Golden rule: if you can’t Google it, ask your client.
5. Thinking You Have to Get Everything Perfect from the Start
Let’s be clear on one thing: there’s no such thing as perfect. Your definition of perfect will shift over time. What seems like it would be absolutely perfect right now will seem laughable a few years, or even months, from now. More to the point: everyone else’s idea of perfect is different too, so there’s really no way around the fact that what you create will never be perfect.
Apparently, I thought a black website with yellow writing was the way to go when I first started out. I wouldn’t dream of doing that now, but it worked for me at the time. I got my first few clients off the back of that website, and it gave me the money and, more importantly, the insight to figure out a better way of doing things. You can’t know the ‘best’ way of doing things right from the off. You just can’t. So here’s what you have to do when you’re just starting your business and you barely know which way is up:
Do the best you can right now, and adapt and change things as you learn. Seriously. It’s that’s easy.
6. Not Starting
So here’s the real nitty-gritty thing: the other points don’t matter if you don’t actually get the fuck on with it. Wavering on price? Doesn’t matter if you’re not charging anyone anything in the first place. Taking what you can get? Nope, because you’re not taking anything. And so on and so on. You get the point.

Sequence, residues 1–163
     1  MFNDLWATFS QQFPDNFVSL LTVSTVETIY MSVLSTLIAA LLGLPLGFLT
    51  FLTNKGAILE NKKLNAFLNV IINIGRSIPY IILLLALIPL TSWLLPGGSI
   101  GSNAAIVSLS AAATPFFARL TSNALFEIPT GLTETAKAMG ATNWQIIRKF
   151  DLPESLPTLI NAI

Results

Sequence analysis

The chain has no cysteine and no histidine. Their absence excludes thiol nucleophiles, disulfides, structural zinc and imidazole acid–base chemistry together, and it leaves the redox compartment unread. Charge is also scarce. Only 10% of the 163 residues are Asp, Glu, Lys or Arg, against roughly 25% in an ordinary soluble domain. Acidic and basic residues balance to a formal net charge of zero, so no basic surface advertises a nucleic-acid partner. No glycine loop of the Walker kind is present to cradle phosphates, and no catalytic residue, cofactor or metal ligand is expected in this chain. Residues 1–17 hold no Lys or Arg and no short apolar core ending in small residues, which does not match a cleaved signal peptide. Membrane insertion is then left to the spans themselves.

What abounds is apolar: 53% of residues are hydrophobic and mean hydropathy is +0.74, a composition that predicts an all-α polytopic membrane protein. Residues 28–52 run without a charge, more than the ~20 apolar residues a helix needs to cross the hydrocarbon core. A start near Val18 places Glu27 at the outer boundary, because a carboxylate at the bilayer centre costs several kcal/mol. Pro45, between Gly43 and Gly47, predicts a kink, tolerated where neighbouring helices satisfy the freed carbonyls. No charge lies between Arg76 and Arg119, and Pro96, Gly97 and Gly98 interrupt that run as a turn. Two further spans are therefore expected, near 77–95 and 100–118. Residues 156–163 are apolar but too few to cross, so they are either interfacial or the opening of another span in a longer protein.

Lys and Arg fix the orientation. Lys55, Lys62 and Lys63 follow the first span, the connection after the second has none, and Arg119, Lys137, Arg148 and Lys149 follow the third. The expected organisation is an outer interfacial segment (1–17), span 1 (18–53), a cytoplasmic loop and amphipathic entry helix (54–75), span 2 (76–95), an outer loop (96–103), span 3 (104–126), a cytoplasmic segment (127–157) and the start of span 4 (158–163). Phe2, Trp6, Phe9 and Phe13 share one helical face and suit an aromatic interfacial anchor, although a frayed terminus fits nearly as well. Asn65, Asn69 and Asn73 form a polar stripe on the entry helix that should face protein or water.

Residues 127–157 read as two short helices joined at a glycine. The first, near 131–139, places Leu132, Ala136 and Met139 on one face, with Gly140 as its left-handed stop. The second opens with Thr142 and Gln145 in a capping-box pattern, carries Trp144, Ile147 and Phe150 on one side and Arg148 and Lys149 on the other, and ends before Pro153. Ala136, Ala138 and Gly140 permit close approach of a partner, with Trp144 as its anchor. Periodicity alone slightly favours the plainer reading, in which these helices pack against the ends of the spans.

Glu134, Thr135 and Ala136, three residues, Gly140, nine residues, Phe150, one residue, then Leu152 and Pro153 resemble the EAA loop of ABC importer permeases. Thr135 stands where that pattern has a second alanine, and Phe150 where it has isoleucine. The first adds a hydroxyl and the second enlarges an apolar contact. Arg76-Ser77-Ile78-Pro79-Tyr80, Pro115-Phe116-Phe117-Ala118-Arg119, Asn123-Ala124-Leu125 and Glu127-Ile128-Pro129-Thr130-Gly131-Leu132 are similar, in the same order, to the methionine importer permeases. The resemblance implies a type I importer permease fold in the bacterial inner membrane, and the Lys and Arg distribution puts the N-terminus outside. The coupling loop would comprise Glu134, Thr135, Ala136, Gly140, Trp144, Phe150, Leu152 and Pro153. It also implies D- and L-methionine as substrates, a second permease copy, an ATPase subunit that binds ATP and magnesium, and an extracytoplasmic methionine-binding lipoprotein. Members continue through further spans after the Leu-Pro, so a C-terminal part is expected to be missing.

Nothing else matters if you don’t actually get out there and just start. So don’t worry about making it perfect. That’s probably your main reason for not starting, right? Well, listen up:
My first website was crap. I made the ugliest invoices in the history of the internet, and before that I had to figure out what to put on the damn things. I didn’t have a blog. I had a stupid business name that was barely relevant to what I was doing. I didn’t have a fancy email address, I just used my regular old gmail one. I didn’t have accounting software; I had a nightmare of a spreadsheet to track my income and expenses. And there’s so much other shit I’ve changed since I started, too.
The point is: I was making it up as I went along. I still am. So is everyone else. And that’s the beauty of it. It’s yours to make. You get to figure out the way you like to do things, and then to actually go out and do it your way.